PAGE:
Charity Commission ‘targets’ Muslim orgs – report
More than a quarter of British charities under investigation by UK authorities are Islamic organizations, according to a report. Muslim leaders and activists have criticized the government for what they see as ‘excessive’ surveillance.
Analysis conducted by the think tank Claystone found that of the 76 charities currently being investigated by the UK’s Charity Commission, 20 were known to be Muslim-led organizations.
“[The commission] has labeled 55 charities with the issue
code ‘extremism and radicalization’ without their knowledge, in
the period 5 December 2012 to 8 May 2014. These charities
were/are being monitored as a potential concern for matters
relating to extremism and radicalization,” Claystone’s
research director Adam Belaon told the Guardian.
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“There are no written criteria for applying or removing this label and thus it lends itself to non-evidence based targeting of particular groups. We don’t know the criteria used to apply these extremist tags by the commission. It’s all very subjective for a quasi-judicial body.”
Claystone, along with other Muslim advocacy organizations, have criticized what they see as the Charity Commission’s “targeting” of Islamic organizations, which they claim has intensified since Sir William Shawcross took the helm.
Shawcross, who once told the conservative Henry Jackson Society think tank that “Europe and Islam” were among the world’s most “terrifying” problems, has previously highlighted the threat of extremists operating through Islamic charities.
However, the Charity Commission claims it does not target particular groups, and that its investigations are based on its own risk assessment framework.
“The commission does not target Muslims, any other religion or type of charity. All our casework is prioritized and assessed for action against the risk framework, published on the website,” a commission spokesperson said.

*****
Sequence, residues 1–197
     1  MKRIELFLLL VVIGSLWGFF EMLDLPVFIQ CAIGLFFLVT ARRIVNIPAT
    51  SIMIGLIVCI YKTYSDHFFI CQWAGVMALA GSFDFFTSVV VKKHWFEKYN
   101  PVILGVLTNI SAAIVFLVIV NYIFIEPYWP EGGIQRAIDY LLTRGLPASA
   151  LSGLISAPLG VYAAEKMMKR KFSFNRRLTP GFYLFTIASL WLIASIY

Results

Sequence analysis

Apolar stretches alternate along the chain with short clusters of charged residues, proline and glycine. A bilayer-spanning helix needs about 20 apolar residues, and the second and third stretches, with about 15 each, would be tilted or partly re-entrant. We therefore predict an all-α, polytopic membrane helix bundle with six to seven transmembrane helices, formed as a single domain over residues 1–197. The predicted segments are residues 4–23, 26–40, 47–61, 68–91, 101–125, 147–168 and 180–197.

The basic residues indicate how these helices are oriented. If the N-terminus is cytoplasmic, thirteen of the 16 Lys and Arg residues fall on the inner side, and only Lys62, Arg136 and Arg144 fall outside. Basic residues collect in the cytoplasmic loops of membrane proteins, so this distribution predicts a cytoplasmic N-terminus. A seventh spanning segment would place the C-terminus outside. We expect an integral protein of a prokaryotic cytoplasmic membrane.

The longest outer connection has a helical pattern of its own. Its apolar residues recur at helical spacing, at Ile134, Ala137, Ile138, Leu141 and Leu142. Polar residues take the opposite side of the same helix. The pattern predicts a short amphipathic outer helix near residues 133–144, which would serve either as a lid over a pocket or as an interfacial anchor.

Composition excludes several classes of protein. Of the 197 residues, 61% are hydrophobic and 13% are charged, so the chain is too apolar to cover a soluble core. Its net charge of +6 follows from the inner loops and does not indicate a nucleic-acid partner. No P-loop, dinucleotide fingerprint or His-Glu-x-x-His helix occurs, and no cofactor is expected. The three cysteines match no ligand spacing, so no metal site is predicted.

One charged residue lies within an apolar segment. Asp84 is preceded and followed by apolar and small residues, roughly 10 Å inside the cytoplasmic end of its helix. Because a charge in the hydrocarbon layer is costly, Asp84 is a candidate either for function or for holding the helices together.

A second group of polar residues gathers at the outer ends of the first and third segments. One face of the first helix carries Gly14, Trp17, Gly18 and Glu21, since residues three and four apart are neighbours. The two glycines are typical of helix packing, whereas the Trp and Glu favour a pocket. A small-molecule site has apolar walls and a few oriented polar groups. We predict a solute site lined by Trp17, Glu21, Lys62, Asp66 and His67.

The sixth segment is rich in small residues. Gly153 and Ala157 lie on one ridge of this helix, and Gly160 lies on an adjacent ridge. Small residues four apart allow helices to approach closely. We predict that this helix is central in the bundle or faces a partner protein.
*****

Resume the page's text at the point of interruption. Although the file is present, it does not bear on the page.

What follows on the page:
“A full analysis of the commission’s compliance work including investigative and monitoring work for the last financial year will be in this year’s publication ‘Tackling Abuse and Mismanagement’.”
A number of British Muslim organizations, which have been subject to investigations and sudden bank account closures, have come out in support of the think-tank’s findings.
CAGE, an Islamic advocacy organization founded by former
Guantanamo detainee Moazzamm Begg, said that abstract uses of the
term “extremism” had resulted in some charities being under
“perpetual investigation,” which provokes suspicion
towards Muslim activist groups.
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“The report raises key evidence that Shawcross’s appointment is part of a string of appointments where Conservative-backed figures were placed in offices that are supposed to be non-partisan, thereby threatening civil liberties,” said CAGE spokesperson Cerie Bullivant.
“CAGE has had its own bank accounts shut down and funders investigated without being given any clear proof to justify why this is happening. This is taking place in a sector where experts have clearly stated that there are no clear links between charities and extremism.”
“The British government must seriously review its counter terror laws, not add more. Our domestic policy is increasingly marginalizing people so that they are more likely to commit violence,” he added.